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Introspection

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In retrospect, Alanna realized it wasn't just that she had been a girl pretending to be a boy. Yes, this had forced her focus on her goal, knighthood, to be far more intense than for the boys, because she had to factor in risks of getting caught, and because no matter how competent she was, she always felt the need to prove herself.

 

After she had her shield, and after she brought the Dominion Jewel home, and after she killed Duke Roger (again!) and after she established her reputation as a King's Champion who often fought but never lost, reminding the nation that the position did exist and making herself a living legend to the point that her competence was more than proven to everyone who could be swayed by rational things like evidence, she still focused on things far more intensely than her peers did. Most of them, at least.

 

Some of it was the concentration Maude had taught her and Thom as they learned to use their respective Gifts. Any reasonably skilled mage could and did concentrate on their work, sometimes to the point of blocking outside events. But they generally knew well before they drained themselves to the point of collapse, unless something external was blocking that sense (she remembered Duke Roger's sword with a shudder the first time she remembered the exception to that particular pattern.) She didn't. She had established the exact opposite pattern – she never knew, not until she was losing consciousness on her way to the ground, again.

 

And no one who had seen her fence would ever believe it, not would most who'd seen her ride or shoot, but she wasn't graceful. She had learned certain ways of moving, and she'd learned them well (her arms still ached whenever they remembered Coram's guard sword, which had been bigger than her at the time. She still learned new moves with a sword of that weight, but she now outmassed those practice swords.) That didn't extend to skill with ways of moving she hadn't learned yet, and after she finally convinced got someone to show her exercises appropriate for a very pregnant woman, it showed.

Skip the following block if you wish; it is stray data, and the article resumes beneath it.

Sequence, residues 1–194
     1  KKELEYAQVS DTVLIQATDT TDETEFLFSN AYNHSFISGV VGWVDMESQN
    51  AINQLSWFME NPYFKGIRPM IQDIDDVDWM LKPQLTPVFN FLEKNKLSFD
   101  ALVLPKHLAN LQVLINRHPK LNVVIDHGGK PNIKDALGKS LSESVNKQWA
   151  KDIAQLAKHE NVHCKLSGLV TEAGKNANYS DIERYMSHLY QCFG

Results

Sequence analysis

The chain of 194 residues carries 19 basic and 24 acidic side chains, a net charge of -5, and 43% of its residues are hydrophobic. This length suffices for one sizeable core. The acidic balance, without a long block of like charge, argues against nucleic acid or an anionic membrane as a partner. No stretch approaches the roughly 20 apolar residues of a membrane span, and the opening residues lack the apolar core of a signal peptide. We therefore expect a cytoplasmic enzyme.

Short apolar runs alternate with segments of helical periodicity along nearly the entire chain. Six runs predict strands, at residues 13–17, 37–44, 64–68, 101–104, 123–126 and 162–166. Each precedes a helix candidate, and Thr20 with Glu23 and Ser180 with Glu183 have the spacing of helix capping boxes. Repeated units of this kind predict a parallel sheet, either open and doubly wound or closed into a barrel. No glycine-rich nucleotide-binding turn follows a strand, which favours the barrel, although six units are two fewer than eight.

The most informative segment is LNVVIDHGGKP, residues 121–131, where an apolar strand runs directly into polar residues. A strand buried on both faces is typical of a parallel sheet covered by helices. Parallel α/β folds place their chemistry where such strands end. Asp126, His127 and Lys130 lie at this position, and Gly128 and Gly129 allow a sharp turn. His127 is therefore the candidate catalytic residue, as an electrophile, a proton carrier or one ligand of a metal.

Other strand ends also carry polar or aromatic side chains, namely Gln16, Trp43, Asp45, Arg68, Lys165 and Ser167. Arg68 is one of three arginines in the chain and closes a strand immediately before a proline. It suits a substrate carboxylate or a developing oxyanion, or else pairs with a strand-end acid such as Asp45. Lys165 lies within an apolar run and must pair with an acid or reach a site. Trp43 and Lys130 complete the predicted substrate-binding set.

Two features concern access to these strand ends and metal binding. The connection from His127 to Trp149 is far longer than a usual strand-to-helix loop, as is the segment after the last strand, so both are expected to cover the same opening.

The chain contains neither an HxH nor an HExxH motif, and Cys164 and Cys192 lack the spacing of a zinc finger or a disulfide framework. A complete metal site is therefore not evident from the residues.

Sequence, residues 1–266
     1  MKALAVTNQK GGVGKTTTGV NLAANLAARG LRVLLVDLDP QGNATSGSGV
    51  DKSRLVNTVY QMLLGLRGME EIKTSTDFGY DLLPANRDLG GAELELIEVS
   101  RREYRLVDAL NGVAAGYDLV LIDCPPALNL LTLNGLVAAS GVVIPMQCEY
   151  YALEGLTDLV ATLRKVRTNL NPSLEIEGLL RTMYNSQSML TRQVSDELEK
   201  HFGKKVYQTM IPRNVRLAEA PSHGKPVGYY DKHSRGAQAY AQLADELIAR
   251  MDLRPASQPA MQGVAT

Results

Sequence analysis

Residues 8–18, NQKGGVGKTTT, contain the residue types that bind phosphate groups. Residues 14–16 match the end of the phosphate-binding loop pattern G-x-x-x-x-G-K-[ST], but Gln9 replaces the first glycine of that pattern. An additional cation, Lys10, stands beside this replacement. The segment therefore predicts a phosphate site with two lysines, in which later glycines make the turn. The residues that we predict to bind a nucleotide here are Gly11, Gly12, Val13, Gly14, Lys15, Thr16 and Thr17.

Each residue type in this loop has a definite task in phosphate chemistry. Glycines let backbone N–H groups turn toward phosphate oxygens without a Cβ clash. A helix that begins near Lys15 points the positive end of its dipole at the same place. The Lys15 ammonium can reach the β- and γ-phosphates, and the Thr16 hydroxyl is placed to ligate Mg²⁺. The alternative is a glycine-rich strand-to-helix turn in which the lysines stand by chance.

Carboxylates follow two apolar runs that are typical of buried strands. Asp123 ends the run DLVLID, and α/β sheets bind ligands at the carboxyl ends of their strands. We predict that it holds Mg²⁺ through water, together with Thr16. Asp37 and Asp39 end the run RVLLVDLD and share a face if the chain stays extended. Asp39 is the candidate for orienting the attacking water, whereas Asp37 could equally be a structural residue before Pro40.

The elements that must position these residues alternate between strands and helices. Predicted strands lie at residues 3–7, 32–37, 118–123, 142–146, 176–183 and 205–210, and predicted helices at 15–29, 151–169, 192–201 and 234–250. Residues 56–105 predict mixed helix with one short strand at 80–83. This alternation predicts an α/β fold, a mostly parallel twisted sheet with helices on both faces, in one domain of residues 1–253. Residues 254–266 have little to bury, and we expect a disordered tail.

“I thought you were King's Champion! This should be easy for you!” the midwife said.

 

“Does these … floating thing look like a sword to you?” Alanna demanded. They looked nothing like a sword. they vaguely resembled her arm guards in how she was supposed to hold herself to them, or be held to it, but there was one on each arm, and there the resemblance ended to anything she'd used before. It was completely new, and just as she had found when the sword was completely new, her body wasn't doing anything she told it to do.

 

Supposedly, this was easy to learn for anyone who could stand upright in a lake at shoulder depth. The floats on her arms made it easier to float, and she was supposed to lift herself out of the water with her weight on the floats. And other people could do this without falling forwards, backwards, or to the sides, on the first try, while their bodies were a different shape than usual from pregnancy.